Your anti-roll bar will be tested to the limits as you swing back to the left for turn 9, again, no kerbs, you don’t need them, yet. There’s a short break before going to turns 10 and 11, which are another high speed chicane and finish off this complex.
Scrape the inside kerb of Turn 10 and cut using all but your front right wheel for turn 11, you don’t need to even lift through this section in qualifying. The rear end is constantly wanting to spin you round, but in quali spec, you can take this section at tremendous speed. Beware of taking too much kerbing on the exit too, it’s easy to get a track extension warning.
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Turn 12 used to be the fearsome Peraltada, but that corner was far too dangerous for modern F1 cars, so the spectator-friendly stadium section completes the lap these days. Because of the incredible speed of the cars through the esses, you’ll be barrelling towards T12 at almost 200mph.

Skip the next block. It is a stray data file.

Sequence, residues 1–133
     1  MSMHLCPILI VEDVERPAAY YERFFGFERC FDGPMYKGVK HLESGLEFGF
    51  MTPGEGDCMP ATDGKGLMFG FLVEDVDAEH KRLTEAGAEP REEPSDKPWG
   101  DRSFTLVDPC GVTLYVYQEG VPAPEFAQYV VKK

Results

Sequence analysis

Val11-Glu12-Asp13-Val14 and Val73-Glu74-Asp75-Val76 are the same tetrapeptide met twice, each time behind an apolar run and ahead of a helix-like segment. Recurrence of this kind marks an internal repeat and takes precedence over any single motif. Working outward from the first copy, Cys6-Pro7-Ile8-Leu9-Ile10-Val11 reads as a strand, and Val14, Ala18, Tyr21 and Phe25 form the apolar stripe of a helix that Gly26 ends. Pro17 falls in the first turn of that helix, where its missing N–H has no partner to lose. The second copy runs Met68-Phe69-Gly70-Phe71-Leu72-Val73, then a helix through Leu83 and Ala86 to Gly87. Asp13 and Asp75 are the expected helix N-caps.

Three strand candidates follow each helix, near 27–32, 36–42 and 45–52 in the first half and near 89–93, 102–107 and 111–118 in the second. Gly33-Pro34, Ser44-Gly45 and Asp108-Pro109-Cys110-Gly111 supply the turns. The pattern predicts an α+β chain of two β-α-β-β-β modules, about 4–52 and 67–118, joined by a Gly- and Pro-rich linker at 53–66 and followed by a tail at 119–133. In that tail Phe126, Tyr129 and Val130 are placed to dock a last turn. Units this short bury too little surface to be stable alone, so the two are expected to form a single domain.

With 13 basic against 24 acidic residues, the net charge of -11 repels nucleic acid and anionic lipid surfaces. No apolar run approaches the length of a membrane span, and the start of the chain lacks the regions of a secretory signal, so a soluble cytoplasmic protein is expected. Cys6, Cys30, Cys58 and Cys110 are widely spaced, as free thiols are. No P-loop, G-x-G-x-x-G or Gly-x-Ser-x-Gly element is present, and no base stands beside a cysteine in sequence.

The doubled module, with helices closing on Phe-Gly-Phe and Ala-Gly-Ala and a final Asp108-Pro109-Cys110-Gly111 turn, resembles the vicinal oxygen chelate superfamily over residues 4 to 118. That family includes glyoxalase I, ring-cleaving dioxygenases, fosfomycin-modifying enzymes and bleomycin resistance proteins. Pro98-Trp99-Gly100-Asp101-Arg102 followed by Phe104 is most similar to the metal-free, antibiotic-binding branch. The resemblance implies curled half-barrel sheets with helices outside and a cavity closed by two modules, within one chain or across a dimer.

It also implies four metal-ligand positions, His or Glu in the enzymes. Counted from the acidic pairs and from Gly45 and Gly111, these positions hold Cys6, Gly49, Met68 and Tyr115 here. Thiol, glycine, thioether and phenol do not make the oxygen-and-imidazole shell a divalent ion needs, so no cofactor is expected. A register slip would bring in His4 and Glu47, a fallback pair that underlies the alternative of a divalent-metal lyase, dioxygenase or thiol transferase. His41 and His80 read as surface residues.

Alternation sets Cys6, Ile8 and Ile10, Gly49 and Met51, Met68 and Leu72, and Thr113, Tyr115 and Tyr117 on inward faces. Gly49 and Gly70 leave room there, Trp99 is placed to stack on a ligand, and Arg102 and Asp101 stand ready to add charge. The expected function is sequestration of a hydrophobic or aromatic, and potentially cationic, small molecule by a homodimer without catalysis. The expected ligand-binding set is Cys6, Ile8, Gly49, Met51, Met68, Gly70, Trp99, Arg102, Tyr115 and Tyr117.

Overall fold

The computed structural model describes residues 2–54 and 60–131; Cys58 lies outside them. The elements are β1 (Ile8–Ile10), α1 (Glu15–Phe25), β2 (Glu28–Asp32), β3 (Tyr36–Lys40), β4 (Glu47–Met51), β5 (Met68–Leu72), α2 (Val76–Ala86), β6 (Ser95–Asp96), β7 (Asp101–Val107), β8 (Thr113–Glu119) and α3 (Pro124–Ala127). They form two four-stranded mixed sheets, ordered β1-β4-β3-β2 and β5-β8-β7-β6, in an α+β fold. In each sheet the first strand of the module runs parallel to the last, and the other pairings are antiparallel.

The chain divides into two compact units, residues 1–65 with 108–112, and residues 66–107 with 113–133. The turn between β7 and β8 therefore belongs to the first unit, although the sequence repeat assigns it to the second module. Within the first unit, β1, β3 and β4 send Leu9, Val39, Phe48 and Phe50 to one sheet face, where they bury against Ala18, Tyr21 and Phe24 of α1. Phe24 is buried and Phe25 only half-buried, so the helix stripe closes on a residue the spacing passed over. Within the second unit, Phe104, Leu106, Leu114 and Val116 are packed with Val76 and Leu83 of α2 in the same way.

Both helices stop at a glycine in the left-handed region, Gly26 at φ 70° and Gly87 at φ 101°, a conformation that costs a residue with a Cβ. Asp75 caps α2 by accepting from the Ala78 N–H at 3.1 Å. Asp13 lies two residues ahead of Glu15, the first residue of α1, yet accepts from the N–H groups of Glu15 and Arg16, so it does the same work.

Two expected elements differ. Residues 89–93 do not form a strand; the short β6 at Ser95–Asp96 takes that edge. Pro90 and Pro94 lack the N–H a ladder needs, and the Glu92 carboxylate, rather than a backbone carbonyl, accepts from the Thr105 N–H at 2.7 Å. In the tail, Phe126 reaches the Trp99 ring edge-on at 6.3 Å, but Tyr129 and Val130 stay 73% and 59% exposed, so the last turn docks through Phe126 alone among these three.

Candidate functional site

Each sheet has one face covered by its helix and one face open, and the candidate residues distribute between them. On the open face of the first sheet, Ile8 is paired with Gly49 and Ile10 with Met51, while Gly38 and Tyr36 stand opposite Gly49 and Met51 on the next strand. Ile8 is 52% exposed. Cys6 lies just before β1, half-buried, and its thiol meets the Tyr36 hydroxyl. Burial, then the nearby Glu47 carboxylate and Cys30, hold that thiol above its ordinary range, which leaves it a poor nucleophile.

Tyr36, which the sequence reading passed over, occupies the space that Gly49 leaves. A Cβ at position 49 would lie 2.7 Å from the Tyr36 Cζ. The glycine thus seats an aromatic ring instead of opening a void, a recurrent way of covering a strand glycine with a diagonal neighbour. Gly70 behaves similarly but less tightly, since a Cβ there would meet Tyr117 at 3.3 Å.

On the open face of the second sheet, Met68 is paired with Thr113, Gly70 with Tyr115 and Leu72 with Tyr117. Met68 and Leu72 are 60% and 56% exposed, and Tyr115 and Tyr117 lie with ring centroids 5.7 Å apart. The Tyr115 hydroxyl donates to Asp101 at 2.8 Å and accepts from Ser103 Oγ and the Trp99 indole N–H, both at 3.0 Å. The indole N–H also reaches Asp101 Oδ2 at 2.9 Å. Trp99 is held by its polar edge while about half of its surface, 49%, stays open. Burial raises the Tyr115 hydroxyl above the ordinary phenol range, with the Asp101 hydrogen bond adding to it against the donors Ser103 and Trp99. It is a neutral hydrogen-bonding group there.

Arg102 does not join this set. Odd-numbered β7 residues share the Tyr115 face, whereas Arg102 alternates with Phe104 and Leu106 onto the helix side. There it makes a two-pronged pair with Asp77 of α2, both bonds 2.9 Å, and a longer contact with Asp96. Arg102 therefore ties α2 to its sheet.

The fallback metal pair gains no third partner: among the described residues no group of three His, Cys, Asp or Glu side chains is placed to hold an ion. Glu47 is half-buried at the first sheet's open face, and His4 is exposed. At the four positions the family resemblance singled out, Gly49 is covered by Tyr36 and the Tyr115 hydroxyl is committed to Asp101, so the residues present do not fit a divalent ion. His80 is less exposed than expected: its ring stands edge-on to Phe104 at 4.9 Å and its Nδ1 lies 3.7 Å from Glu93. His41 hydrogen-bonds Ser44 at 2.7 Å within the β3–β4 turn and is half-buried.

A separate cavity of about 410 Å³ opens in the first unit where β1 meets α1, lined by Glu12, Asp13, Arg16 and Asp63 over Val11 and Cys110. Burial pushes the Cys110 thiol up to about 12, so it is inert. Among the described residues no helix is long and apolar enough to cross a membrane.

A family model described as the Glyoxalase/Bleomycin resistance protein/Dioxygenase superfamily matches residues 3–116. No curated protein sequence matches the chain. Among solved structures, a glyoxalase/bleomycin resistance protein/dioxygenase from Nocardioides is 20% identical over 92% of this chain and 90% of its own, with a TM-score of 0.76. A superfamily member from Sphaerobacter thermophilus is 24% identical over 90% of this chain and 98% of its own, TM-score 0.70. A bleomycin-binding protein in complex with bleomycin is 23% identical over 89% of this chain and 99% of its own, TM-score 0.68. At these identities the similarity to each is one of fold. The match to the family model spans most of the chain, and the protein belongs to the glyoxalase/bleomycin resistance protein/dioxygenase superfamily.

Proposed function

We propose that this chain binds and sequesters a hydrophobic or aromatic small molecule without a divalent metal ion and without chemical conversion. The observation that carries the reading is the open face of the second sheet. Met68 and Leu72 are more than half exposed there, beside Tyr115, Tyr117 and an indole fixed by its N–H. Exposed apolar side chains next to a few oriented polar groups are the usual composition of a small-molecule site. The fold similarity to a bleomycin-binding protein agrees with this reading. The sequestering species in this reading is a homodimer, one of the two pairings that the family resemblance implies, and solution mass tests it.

If you’re close to the car ahead, you can attempt to move into this corner, but because of the dirty air effect, this is unlikely. Turn 12 is a lot tighter than you’d think it is too, there isn’t a lot of room on the inside to squeeze through. Brake down to fourth gear starting at the 100m board and clip the inside kerbing. Run the car out wide before swinging back to the right for turn 13.
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Turn 13’s braking point is difficult to spot, because there’s fields of run-off on its inside. Despite this, the tight line is the fast line and you’ll need to clip the apex to be quick through it. Brake down to second gear when you’re maxing out fifth gear and crank on all the left lock you can manage.
Accelerate through turns 14 and 15, clipping the inside and exit kerbs as you go, the back end wants to get away from you, but you can control it with a bit of opposite lock.